Episodes 11 – 15.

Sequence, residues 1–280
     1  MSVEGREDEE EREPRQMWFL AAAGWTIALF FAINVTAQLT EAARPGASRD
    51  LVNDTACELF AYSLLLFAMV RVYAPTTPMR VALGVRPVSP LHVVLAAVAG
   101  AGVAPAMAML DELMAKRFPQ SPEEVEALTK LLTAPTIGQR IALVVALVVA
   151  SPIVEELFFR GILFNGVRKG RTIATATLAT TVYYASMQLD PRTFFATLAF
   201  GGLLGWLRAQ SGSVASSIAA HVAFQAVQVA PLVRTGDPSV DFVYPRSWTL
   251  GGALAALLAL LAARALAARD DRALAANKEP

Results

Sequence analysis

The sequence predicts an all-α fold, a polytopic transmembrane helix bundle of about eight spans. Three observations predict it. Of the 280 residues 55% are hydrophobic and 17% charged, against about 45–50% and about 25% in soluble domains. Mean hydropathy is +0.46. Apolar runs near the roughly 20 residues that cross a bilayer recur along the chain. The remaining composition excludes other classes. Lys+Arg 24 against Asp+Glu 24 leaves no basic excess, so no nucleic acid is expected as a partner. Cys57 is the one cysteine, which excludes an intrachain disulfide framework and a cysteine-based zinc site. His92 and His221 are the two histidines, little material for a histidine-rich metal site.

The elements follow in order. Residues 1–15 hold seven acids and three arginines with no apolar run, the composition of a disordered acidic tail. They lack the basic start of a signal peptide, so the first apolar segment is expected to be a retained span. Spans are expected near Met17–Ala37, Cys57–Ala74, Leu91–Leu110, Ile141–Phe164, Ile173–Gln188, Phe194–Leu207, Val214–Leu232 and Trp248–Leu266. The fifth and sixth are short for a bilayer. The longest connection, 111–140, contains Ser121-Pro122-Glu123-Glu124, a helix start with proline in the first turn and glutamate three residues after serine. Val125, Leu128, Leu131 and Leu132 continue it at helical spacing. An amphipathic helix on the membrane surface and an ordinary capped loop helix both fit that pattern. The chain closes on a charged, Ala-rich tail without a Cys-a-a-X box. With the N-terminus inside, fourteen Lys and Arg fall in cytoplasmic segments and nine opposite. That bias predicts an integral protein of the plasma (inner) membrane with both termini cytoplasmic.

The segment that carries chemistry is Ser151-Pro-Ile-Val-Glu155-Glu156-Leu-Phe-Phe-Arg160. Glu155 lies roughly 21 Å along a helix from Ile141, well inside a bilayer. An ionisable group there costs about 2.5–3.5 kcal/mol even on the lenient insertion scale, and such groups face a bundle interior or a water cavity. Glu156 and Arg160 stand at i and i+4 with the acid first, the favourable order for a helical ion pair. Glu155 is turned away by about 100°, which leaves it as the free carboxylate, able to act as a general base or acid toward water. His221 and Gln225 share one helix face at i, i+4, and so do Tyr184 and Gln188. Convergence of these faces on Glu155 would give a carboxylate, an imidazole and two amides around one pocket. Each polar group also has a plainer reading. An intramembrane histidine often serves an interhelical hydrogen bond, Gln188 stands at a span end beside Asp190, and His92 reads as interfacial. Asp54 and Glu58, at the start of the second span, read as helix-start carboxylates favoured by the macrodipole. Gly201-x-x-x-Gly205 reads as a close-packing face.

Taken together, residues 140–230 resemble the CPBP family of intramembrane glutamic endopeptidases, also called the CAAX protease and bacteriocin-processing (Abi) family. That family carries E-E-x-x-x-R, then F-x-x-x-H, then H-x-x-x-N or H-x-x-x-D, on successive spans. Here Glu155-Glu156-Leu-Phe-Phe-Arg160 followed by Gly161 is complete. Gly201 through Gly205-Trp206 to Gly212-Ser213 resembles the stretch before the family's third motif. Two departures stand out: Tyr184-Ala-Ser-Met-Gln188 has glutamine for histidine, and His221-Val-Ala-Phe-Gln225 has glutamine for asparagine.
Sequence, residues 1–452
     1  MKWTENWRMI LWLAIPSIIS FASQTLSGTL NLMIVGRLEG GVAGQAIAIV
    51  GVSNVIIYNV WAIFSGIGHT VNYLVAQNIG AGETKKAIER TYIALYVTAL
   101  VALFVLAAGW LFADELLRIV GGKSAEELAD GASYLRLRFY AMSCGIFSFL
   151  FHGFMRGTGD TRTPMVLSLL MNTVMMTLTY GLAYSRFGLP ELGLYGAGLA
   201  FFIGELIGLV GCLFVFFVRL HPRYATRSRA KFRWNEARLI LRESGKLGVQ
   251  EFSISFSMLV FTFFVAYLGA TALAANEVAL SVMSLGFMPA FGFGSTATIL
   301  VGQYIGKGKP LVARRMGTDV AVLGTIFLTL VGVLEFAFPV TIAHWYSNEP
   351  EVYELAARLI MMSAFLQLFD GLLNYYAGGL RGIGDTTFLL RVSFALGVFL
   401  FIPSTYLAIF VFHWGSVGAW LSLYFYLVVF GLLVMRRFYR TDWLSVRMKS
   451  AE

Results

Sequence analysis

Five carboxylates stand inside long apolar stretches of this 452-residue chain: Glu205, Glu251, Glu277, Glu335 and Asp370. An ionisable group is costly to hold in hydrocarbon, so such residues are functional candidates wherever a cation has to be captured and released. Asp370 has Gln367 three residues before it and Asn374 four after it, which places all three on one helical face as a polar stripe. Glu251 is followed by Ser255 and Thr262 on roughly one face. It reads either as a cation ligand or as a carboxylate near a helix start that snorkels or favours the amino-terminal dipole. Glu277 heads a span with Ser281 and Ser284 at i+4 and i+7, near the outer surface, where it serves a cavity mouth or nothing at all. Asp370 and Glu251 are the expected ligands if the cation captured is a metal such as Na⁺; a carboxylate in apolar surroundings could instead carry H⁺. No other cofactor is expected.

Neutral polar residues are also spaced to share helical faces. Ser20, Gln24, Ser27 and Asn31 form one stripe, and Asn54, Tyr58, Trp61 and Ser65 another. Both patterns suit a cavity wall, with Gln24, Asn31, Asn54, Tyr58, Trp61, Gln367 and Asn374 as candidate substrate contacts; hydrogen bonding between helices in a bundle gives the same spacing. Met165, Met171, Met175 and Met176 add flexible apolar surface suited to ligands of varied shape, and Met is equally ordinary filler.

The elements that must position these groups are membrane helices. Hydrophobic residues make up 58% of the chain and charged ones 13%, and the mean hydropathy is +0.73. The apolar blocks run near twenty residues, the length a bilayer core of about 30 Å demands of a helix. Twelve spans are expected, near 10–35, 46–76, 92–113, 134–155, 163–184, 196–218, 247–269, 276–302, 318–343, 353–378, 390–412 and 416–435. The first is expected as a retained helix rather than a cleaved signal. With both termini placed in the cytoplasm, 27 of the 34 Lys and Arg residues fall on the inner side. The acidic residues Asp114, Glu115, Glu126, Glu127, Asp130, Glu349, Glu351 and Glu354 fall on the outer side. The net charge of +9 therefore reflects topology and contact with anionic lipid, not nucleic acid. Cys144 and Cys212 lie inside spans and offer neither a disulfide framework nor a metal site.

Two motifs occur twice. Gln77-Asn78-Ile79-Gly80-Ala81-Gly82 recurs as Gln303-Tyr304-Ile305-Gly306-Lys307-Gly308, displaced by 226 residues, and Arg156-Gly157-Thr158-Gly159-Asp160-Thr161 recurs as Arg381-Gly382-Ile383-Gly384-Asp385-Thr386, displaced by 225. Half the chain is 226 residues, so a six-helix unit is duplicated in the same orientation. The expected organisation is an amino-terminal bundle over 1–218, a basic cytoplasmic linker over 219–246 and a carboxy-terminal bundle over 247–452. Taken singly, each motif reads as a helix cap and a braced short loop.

Recap: Falak is searching for her jewelry but cannot find it. Salman looks queasy at the sound of this. His attitude is still terrible towards Falak and Rushna theorizes about a possible affair. Falak dismisses the idea and Falak’s further concerns are dismissed by her family. Maryam, their old mutual friend, meets Falak and tells her that Salman is having an affair. Falak confronts Salman and demands to know if he is in love with someone else. He accepts and refuses to tell her name, he only tells her that he loves her beyond his control. “I did not want to betray you but it was out of my control” he tells hers. A period of time later, Falak and Salman go out for dinner. But later that night, Salman tells her he wants to marry “Tabinda” the girl he has fallen for. Falak decides she would go meet this Tabinda and throw acid on her face. The moment she lays eyes on Tabinda (Nadia Afgan), however, she quietly walks off. She then calls Mehrunissa and complains about why Mehrunissa had not taught Falak how to love God. She screams and cries and then collapses. Falak has a nervous breakdown and then moves out of Salman and her home back with her parents. Falak meets Hamza and Hamza offers to marry Falak. Falak refuses, saying that Hamza would essentially be doing exactly what Salman has done to Falak. There is a visible change in Falak’s attitude as she now treats street kids with much more kindness than she usually would. She buys some newspapers from a street child when moments later she sees him hit a car and get seriously injured. She attempts to reach out to him but her mother stops her and takes her back home. Falak later finds out the home of the boy and finds out that he is dead. The little boy, Majid, has a poverty stricken home which Falak visits and gives the family some money to help them out. She comes home and gets into an argument with her mother and starts telling her that their materialism is madness and a disease that effects the society.